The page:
The Co-operative Bank's turnaround continues apace, as losses fell in its first half.
Pre-tax losses fell to £135.2m in the six months to the end of June, from £177m the year before, while total operating expenditure fell 9.9 per cent to £200.8m, from £222.8m the year before.
It wasn't all good news: it shelled out another £4.7m in conduct charges, although that was down from last year's £21.1m, which was mainly related to £9.2m of PPI charges, while current account numbers fell by just under two per cent to 1.4m accounts.
Its total capital ratio fell to 16.8 per cent, compared with 17.7 per cent at the end of 2016.
Why it's interesting
A turbulent few years at the Co-op Bank threatened to come to an end in June, after the lender reached a deal on a £700m rescue package with its hedge fund investors.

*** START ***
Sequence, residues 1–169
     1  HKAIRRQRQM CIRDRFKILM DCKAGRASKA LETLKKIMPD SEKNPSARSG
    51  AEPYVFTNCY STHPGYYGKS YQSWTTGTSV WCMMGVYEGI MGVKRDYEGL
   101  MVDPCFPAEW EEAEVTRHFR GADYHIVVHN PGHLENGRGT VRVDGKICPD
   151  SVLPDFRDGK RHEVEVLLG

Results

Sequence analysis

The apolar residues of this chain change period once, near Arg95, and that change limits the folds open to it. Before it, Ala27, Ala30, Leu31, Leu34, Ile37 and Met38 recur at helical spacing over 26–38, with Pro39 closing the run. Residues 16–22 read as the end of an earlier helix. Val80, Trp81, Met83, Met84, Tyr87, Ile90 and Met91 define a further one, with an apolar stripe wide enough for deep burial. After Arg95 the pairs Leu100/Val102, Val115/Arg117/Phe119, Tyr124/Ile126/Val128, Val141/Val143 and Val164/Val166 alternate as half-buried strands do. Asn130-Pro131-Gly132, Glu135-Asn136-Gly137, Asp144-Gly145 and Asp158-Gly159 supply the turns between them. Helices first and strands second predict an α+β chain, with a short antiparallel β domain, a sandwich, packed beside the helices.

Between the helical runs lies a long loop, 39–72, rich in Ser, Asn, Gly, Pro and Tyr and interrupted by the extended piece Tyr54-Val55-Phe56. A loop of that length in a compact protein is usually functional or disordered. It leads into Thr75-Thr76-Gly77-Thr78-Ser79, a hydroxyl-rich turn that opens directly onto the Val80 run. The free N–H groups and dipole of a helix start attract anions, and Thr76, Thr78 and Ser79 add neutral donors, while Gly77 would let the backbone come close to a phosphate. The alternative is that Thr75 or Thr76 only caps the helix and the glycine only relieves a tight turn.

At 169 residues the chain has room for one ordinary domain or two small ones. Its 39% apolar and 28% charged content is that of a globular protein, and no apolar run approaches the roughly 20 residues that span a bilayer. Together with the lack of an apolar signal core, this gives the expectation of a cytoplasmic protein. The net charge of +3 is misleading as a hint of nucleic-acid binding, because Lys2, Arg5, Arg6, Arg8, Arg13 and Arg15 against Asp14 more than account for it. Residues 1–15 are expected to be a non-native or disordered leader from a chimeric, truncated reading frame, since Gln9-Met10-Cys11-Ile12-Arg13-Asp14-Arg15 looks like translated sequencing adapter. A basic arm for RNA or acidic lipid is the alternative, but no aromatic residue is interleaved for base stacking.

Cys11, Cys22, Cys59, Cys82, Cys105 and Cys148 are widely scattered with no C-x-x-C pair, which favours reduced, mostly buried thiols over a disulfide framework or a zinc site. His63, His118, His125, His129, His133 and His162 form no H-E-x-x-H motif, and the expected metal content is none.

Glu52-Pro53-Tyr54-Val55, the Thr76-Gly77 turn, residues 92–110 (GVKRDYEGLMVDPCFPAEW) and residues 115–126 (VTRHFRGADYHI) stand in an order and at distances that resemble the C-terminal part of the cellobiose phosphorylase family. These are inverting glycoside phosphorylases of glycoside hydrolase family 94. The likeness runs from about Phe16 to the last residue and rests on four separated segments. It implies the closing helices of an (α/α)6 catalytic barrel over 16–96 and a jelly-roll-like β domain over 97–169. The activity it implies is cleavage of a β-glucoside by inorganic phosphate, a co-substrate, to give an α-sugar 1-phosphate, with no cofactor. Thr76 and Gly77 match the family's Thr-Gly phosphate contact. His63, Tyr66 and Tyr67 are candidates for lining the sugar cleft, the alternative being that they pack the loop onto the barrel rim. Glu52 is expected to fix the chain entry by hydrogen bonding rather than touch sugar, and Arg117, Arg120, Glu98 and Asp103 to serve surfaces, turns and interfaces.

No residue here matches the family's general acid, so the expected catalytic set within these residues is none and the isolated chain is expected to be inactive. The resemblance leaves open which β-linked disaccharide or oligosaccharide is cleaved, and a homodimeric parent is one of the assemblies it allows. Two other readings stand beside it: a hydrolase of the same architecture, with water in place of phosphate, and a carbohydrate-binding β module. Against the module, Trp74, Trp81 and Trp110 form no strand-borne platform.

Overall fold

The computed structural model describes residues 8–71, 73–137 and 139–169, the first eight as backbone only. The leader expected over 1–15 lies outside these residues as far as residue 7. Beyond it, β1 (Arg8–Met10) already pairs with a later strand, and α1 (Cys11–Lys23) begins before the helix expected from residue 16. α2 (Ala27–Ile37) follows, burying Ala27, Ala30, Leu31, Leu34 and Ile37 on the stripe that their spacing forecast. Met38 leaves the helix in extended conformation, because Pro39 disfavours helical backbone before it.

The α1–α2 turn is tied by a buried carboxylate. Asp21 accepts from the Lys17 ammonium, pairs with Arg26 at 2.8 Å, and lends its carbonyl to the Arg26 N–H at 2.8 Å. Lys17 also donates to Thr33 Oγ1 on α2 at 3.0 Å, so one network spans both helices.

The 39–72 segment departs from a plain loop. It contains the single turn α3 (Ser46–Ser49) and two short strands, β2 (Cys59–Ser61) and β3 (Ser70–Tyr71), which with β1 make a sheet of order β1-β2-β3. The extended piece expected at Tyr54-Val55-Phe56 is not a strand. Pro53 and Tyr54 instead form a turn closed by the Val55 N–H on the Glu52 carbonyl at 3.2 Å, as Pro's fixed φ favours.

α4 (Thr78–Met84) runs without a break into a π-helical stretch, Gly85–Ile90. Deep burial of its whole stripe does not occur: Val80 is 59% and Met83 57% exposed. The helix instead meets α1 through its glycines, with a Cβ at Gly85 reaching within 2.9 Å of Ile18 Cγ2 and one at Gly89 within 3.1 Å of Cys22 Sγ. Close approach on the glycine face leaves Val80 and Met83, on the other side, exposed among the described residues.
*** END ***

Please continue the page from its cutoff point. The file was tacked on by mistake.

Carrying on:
Under the deal, designed to help it meet regulatory capital requirements, the Co-op Group's shareholding in the lender will fall from 20 per cent to one per cent, while hedge fund bondholders will write off the £443m they were owed in a debt-for-equity swap which will leave them with a 17 per cent stake.
The hedgies will also help raise an extra £250m through a shares issue, forming a new holding company which will own a 67.6 per cent stake in the Co-op Bank.
Today Liam Coleman, the lender's chief executive, said the plan is "currently on track to conclude by September".
"This will secure the future of The Co-operative Bank as a viable stand-alone entity with greater capital strength enabling a new phase in its turnaround."
What the Co-op Bank said
Business performance in the first half of 2017 has been resilient. Customer satisfaction for the service we provide has increased and we have continued to reduce our cost base. Customer relationships are hugely important to us and the vast majority of customers have remained very loyal as we have progressed the sale and capital raise process and I am extremely grateful for their ongoing support.